MONTPELIER — The Department of Public Service in December announced it will make changes to the state’s renewable energy program in an attempt to encourage solar growth while protecting ratepayers.
With the Legislature in its upcoming session also likely to update laws that encourage more renewable energy in the Green Mountain State, Vermonters can expect to see continuing efforts to nurture solar power in 2015, though with a slightly different flavor.
Next Thursday, the second day of the 2015 legislative session, one of the legislators’ first tasks will likely be their most important vote of the biennium: to decide whether Gov. Peter Shumlin will return to a third term or whether Republican Scott Milne would unseat him in a vote of the Legislature.
Between noon on Thursday, Dec. 25, and 8 a.m. on Monday, Dec. 29, I accomplished nothing.
I therefore count this as the best Christmas ever.
Unlike most families, we don’t do much after Christmas morning, which we spend opening gifts, drinking coffee and devouring a braided cinnamon Christmas bread like zombies eating brains.
Dear Chief Hanley,
I recently read the Community Forum piece by Officer Christopher Mason that appeared in the Christmas edition of the Addison Independent. The piece was absolutely hilarious and heartfelt. The town of Middlebury is fortunate to have the police department that we do, and very fortunate to have Officer Mason on the force.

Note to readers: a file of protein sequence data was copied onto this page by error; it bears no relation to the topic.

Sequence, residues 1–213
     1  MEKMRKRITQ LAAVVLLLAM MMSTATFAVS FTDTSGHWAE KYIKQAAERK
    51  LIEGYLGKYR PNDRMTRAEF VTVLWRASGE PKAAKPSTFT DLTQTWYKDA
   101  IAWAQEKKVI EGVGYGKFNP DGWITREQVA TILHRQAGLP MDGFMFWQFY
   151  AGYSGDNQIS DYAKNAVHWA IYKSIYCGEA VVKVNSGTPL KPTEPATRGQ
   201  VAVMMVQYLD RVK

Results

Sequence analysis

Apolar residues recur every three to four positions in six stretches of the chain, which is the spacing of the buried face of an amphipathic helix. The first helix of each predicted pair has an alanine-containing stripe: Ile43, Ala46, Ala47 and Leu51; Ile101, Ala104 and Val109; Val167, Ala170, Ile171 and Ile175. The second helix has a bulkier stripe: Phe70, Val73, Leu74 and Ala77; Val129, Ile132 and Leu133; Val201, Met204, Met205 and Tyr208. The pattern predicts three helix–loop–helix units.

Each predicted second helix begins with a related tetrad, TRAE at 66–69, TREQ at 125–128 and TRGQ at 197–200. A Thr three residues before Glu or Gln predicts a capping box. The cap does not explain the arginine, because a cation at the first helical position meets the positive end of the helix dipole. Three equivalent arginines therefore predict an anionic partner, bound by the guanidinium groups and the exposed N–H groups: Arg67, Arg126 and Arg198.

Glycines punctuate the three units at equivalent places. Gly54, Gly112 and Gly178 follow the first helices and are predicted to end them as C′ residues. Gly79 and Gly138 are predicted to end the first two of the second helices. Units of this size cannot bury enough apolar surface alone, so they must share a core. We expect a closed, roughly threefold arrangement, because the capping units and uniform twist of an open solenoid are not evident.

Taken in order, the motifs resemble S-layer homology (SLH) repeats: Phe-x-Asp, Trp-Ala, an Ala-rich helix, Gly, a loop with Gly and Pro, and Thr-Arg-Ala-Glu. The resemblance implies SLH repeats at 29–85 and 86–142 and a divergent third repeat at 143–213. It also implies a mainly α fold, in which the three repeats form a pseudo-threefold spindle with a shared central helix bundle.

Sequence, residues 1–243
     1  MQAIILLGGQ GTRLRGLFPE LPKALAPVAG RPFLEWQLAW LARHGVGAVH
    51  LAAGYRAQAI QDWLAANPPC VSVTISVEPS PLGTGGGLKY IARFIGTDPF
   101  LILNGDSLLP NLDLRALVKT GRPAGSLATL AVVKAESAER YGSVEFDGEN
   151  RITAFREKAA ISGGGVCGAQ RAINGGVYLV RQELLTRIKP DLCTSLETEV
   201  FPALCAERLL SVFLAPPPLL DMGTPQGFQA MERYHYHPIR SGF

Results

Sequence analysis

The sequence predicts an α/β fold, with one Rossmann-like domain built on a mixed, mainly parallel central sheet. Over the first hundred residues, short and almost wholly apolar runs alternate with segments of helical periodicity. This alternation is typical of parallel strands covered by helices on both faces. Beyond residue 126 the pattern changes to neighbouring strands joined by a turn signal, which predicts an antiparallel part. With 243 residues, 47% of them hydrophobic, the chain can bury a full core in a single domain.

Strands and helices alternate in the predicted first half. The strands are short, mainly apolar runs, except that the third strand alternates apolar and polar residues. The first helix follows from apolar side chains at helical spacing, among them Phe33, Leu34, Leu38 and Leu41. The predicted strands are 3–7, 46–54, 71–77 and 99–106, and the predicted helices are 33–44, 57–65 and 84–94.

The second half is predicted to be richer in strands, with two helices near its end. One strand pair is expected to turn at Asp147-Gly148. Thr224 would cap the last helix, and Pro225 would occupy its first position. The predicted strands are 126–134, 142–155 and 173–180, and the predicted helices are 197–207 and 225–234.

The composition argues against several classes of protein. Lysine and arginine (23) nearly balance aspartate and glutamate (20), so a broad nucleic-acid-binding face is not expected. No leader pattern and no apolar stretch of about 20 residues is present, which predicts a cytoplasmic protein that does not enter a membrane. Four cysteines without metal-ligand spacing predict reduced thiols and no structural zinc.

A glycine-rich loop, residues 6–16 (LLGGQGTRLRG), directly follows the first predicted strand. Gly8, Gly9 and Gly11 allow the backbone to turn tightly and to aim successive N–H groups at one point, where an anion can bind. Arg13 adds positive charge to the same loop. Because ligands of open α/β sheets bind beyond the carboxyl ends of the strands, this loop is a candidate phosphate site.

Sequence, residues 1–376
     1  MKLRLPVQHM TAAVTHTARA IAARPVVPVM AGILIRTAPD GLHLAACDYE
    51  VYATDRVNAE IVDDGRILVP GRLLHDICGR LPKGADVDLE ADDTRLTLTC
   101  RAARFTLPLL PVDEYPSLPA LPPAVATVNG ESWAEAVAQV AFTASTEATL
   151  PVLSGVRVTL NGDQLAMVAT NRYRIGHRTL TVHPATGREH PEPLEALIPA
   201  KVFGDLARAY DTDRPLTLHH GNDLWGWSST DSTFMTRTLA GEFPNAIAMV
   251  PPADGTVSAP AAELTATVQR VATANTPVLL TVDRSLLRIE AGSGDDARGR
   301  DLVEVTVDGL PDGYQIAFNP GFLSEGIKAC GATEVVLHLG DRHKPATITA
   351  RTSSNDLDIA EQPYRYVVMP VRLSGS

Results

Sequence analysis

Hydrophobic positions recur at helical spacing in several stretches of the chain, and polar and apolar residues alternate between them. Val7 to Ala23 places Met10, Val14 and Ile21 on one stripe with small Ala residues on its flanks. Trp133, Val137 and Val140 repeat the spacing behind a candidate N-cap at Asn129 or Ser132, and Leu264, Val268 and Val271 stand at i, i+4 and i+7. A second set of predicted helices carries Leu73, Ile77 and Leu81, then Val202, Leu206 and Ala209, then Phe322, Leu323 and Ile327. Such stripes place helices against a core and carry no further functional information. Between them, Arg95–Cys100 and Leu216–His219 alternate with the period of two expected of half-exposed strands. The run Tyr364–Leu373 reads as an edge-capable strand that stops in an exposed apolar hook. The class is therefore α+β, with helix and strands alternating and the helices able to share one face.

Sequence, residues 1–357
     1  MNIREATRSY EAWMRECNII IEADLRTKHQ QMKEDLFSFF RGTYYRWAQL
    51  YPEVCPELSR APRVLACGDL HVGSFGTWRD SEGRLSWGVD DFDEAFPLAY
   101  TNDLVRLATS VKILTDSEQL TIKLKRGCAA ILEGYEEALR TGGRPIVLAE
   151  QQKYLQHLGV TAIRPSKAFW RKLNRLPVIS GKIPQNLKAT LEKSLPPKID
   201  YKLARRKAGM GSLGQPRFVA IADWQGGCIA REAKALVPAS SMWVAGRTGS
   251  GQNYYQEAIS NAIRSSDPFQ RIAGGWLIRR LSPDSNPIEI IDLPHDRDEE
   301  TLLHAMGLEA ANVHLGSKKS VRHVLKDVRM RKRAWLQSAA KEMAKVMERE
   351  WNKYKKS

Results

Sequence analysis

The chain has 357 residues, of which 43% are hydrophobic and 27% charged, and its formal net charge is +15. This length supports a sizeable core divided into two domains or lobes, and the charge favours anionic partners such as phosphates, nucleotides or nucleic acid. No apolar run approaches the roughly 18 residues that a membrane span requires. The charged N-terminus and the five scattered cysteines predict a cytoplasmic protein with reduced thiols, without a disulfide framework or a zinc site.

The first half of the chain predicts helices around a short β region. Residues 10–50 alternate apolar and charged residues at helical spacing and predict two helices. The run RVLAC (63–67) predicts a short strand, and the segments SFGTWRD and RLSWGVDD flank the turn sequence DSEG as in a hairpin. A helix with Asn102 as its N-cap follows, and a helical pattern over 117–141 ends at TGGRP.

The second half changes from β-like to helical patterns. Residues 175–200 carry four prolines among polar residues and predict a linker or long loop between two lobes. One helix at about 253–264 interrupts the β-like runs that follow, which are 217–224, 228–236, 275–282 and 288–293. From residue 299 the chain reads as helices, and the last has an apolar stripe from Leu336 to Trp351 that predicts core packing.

Consider the possibility that Mr. Shumlin should have had some knowledge prior to his announcement that the single-payer program would be too expensive. After all, he was two years in arrears in reporting to you, the Vermont legislator.
Boy am I glad I am not a selectboard member in Cornwall right now.
Talk about being caught between a rock and a hard place. To recap the situation, in a nutshell, Vermont Gas/Gaz Métro proposed a high-pressure fracked gas pipeline through Cornwall and Shoreham and under the lake to reach its potentially most lucrative customer ever, and the majority of voters in Cornwall and Shoreham (at their respective town meetings last year), told VGS to go pound salt.
It might be a good idea to reconsider the speed trap at the Lake Champlain bridge. Not only is it a poor welcome to Vermont, but it does not reflect the warmth or spirit of its residents and businesses.
Although the sheriff may be pleased with stopping dozens of people in one day the week before Christmas, revenue collected through fines means less money is spent at local businesses. Any plans for Christmas shopping in Vergennes or for stopping at The Bridge Restaurant change immediately once a ticket with a hefty fine has been issued.
MIDDLEBURY — The young Middlebury Union High School girls’ hockey team showed on Monday both why the Tigers can be a force to be reckoned with after moving up to Division I, and that they are still learning on the job.
In the first round of the Tigers’ Buster Brush Holiday Classic, they dominated the flow of the game vs. visiting Spaulding (3-2) and outshot the Tide, 35-19.